Stacey C:

And at the time, they were just outlets or escapes, there were ways of not feeling the reality of what my life was like. So I look at it now and I’m like, well, I created these moments of artificial happiness that in between, you sink deeper and deeper into the pit of depression and fear and anxiety. But as I said again, I just kept up the getting on with the, nothing to see here. So that was incredibly challenging at the time.

Stacey C:

And I think I really didn’t realize until more recently that the thing that really kept me going through that time was music. Music was something that became my outlet. I immersed in music, just as a listener and the coolest part was is that I was at the lowest points in my life in the early to mid ’90s at the height of grunge. And it was the perfect soundtrack through this angry, angsty, the world’s against me type of experience that I was having but it gave me an outlet, it gave me a way to express myself, but I didn’t have the words to do at the time. And then eventually I started getting into going to seeing live music, and then there was just an energy and a sense of community and things like that that came through that. So that was probably the healthier outlet that I had to express some of that anger and frustration I was having.

Gary S:

As we’re talking about resilience, right? The series that we’re launching today is about resilience. I want to read you something from an excellent book I read on the subject called How To Be Resilient: The Blueprint For Getting Results When Things Don’t Go To Plan by Stacey Copas. But one of the things that you wrote in there seems to, perhaps connect to what you were just talking about. You wrote this about why resilience is so important. Have you ever noticed how some people appear to be unflappable even when major things go wrong, whereas other people fall to pieces? And you indicated that you were holding it together. From the outside looking in people would think, “Okay, she’s handled it pretty well.” And then you write this, resilience is this ability to keep it together when faced with a problem or a setback when others would fall apart. It’s the ability and strength to cope when things don’t go according to plan.

Gary S:

Would you say that you really started to feel around in resilience when you discovered music? Was that the first manifestation of that? Or did it come even earlier than that now that you look back?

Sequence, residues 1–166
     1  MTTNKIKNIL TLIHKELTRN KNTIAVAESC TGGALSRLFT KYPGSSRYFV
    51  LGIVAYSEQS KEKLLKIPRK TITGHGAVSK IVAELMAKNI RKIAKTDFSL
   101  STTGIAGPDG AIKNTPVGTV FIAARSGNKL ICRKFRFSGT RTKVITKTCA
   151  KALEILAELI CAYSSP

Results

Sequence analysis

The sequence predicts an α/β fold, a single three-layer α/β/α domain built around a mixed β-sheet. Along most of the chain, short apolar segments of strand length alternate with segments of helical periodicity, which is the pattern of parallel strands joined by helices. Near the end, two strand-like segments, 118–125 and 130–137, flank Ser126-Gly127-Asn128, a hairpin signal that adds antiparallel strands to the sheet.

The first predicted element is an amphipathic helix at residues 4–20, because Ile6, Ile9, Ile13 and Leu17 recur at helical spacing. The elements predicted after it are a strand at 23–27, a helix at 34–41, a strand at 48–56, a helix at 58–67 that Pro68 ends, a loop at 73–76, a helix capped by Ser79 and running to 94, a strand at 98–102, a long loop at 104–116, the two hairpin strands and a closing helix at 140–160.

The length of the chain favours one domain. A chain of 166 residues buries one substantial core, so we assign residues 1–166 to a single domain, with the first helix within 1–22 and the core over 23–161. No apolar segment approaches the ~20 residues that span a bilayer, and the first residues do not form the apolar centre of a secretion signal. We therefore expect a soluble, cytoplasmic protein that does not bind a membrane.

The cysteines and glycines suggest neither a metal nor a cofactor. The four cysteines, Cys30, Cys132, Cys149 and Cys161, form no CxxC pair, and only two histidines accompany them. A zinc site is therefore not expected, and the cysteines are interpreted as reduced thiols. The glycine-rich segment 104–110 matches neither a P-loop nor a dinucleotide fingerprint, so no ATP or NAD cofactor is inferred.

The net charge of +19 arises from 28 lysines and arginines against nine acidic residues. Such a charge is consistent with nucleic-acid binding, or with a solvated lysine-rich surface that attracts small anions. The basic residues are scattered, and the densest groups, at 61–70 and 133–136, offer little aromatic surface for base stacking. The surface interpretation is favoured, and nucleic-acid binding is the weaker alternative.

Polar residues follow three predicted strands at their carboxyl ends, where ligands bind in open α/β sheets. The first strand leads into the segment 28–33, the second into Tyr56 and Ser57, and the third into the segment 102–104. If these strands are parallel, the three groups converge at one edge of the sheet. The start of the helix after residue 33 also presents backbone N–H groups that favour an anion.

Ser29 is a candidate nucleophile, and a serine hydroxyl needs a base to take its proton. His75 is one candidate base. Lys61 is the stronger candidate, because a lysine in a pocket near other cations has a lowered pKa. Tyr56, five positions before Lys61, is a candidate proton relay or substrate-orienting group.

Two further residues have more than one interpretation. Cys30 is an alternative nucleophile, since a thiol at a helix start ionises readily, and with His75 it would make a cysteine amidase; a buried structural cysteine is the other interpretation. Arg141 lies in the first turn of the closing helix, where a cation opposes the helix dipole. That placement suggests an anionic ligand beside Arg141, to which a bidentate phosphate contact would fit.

Stacey C:

The funny with even the word resilience, it was a word that I would never have used. I never even recognized the word. It was something that came very, very much later in the piece but I think doing that reverse engineering of the process, then for me, I think probably the first part of it that really came down to it for me was, I had the opportunity about six months after I first left hospital to go and spend a week at a rehab center because at the time I was only 12 years old. So the doctor said there was no facilities for children that had had injuries like mine. So they just kept me in a hospital for seven months. So I didn’t have access to the really specialized rehabilitation that most people get.

Stacey C:

In my Christmas holidays, I had the chance to go and spend some time at the rehab center. And in the first week I was able to do all these things that I couldn’t do for myself. And part of the what ifs started to kick in. And I was like, “What if I had had this chance earlier, how much better off could I have been?” But that’s when I really had to shift my focus and focus on what I had rather than what I’d lost. And so I think that was probably one of the earliest angles of resilience I think. If I look at it in hindsight, was that ability to go and look, you can’t focus on what you don’t have any more, just focus on what you’ve got.

Stacey C:

And so that little shift in perspective I found was definitely helpful because, again, I now know that if we spend too much time living in the past, then, that’s where depression lives. So it was helpful to just go, “Look, just, focus on what you’ve got, focus on what’s ahead, focus on what you can do rather than the handful of things that you can’t do.”

Warwick F:

So well said. It’s probably worth spending some time on those anchors. I imagine people go through what you’ve gone through in our discussions. There can be a sense of anger at other people, at yourself, “Gosh, why did I have to jump in the pool?” Or, “How come if I’d been 18 or 20 I would’ve got access to.” So angry at the system, at doctors, there’s a list, right? From yourself to others. And it’s easy to dwell in that saying what if, or just be angry.

Warwick F:

So talk about that because I imagine at some point you had to, I don’t know if it’s forgive yourself is the right word or just stop beating yourself up. You’re a 12 year old kid, kids do silly stuff. Most of the time nothing happens, right? They break a leg. You could say, “Well, I was unlucky.” Well, unlucky? That’s not the right word. So talk about how you were able to let go of maybe anger because I’m sure it was one of the principles, both to yourself and to others. How did you manage to do that, to move on from that?

Stacey C: